The Neta Center (Women for Bettering Their Future) has proposed altering the laws surrounding maternity leave.
Currently, maternity leave lasts for 14 weeks. If the mother has been working in the same position for the previous 10 months, she receives a monthly salary from the National Insurance Institute (NII, or Bituach Leumi) based on the average of her last 3 monthly paychecks. After the first six weeks, the father may take over all or part of the remaining leave. Mothers can extend their maternity leave, albeit without pay, to a full year after birth without risk of getting fired (at least in theory).
The National Insurance Institute (NII) is strict about maternity leave. If a woman gets caught visiting her office, or doing work at home, the NII will refuse to pay the salary. Sometimes the NII grants a permit for new mothers to work, especially if they are business owners.
Neta recommends allowing women to choose when they will work during their maternity leave, and get a proportional payment from the NII. If she decides to go back to work six weeks after birth, or go in for a day here or there, or work from home, the NII would dock her salary accordingly.Marina Slobodkin of Kadima agreed to sponsor such a law in the Knesset.
Neta wants to loosen the rules, in light of a study among 204 women with academic degrees. Fifty percent said they would like to be able to work during their maternity leave.
On the radio, the head of the center claimed that inflexible maternity leave puts women at a disadvantage in their career. One accountant recalled how with her second baby, she gave birth in the middle of a big project. When she came back, she had a lot of extra work to get to where she had been in her career before the birth. Her fourth child was born in between projects and was able to take a full five months.
Neta represents professional women. But it is the poorer women, in menial jobs, who would suffer when their employers ask why they aren’t taking flexible maternity leave. A columnist in Haaretz complained that Neta is trying to take away the only freedom women have from their employers–the three months after they give birth.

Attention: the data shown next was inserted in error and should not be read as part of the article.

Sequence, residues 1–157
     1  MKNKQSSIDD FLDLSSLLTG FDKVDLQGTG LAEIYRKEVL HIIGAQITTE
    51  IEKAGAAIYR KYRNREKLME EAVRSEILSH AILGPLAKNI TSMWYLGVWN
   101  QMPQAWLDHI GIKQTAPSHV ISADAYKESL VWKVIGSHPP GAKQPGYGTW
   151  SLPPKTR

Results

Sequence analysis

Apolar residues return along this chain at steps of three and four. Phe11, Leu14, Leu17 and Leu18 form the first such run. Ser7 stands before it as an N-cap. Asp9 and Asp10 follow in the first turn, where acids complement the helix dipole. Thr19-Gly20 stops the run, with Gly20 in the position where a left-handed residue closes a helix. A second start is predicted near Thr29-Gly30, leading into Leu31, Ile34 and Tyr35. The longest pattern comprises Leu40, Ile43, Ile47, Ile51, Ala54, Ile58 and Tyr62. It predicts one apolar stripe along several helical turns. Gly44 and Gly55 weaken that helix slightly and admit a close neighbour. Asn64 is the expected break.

Israeli women’s rights organizations have worked hard to protect maternity leave. It was recently extended by two weeks to fit more in line with European norms, despite the cost to the economy. Maternity leave not only helps the mother recover from birth, it ensures that the baby can be with its mother during this critical time. Since the father can take over the maternity leave after the initial six weeks, his career could share the hit. (The fact that this rarely happens cannot be blamed on legislation–parents have to work this out between themselves.)
While there are many practical and important reasons that mothers would want to spend some time at work before their maternity leave is up, it makes me wonder how much parents are willing to adjust their lifestyles in order to have children.
So what do you think? Is it sexist to keep mothers away from their jobs after birth? Would you choose the option of part-time work rather than a full maternity leave?
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